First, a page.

Wolfson said Katzir had been discharged and is now hospitalized elsewhere.

Her daughter also spoke of abuse of the hostages.

“I want to say that everything is abuse: Abducting people from their homes is abuse, not providing them with food, this is abuse, committing psychological terror to them, pulling them out for filming at 2 a.m., making them wait four and five hours until they can, or can't go to the toilet.”

2:31 p.m. ET, December 6, 2023

Gaza Strip is now "one of the most dangerous places in the world," UN agency says

Palestinians inspect the destruction caused by air strikes on homes in Khan Younis, Gaza, on December 4.
Palestinians inspect the destruction caused by air strikes on homes in Khan Younis, Gaza, on December 4. Ahmad Hasaballah/Getty Images

The situation in Gaza is "getting worse each minute" with a new wave of refugees in the south displaced by Israeli bombardment, the main United Nations agency operating in the strip said Wednesday.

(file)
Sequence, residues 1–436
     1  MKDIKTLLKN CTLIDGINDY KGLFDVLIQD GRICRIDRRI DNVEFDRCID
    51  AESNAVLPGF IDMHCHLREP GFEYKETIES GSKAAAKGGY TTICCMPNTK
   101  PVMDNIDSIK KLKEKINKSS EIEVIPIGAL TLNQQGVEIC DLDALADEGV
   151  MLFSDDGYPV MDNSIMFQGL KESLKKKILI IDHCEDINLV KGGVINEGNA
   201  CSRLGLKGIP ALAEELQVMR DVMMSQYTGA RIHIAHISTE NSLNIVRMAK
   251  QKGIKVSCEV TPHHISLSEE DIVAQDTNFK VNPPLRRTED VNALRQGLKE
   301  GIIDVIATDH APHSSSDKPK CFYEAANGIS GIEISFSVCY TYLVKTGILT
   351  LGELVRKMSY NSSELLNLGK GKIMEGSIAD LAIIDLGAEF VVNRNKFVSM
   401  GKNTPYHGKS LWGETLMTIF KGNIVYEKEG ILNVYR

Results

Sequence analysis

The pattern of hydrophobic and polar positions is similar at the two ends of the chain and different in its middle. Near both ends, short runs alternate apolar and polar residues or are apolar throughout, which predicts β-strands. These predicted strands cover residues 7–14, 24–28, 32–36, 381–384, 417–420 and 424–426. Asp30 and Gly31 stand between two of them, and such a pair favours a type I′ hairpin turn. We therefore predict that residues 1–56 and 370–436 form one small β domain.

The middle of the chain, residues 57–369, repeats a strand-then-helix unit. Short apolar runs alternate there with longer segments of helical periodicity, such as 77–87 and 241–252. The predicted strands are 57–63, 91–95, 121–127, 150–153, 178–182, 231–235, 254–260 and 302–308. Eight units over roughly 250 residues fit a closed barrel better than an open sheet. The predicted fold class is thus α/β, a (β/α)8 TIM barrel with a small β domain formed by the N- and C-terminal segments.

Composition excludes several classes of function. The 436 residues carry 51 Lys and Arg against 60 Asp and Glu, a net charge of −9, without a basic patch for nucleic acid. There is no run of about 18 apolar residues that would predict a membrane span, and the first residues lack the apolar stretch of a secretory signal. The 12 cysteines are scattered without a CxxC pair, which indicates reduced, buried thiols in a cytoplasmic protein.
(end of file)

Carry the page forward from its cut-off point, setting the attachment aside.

"There is no 'safe' zone, the entire #GazaStrip has become one of the most dangerous places in the world. There is nowhere to go as shelters, including @UNRWA, are overflowing," the United Nations Relief and Works Agency for Palestine Refugees in the Near East said on X, formerly known as Twitter. 

Humanitarian organization Médecins Sans Frontières (Doctors Without Borders) also called for an immediate end to "indiscriminate and relentless attacks" on Gaza.

"Forcible displacement must stop now. Assaults on hospitals and medical staff must stop now. Restrictions on aid and the siege must stop now," it posted.

6:36 a.m. ET, December 6, 2023

IDF says it found weapons stockpile near clinic and school in northern Gaza

From CNN’s Benjamin Brown in London

The Israel Defense Forces (IDF) claimed on Wednesday to have found a large weapons stockpile near a clinic and school in northern Gaza.

The IDF said the weapons cache “contained hundreds of missiles and RPG (rocket-propelled grenade) launchers of various types, dozens of anti-tank missiles, dozens of explosive charges, long-range missiles aimed at the center of the State of Israel, dozens of grenades and unmanned aerial vehicles.”

It said some of the weapons were taken away for further investigation, while others were destroyed in a nearby field. 

Footage shared by the IDF showed the weapons and ammunition and soldiers loading rockets onto a truck.

CNN is unable to verify the size of the stockpile of weapons seized by the IDF, or where they were found.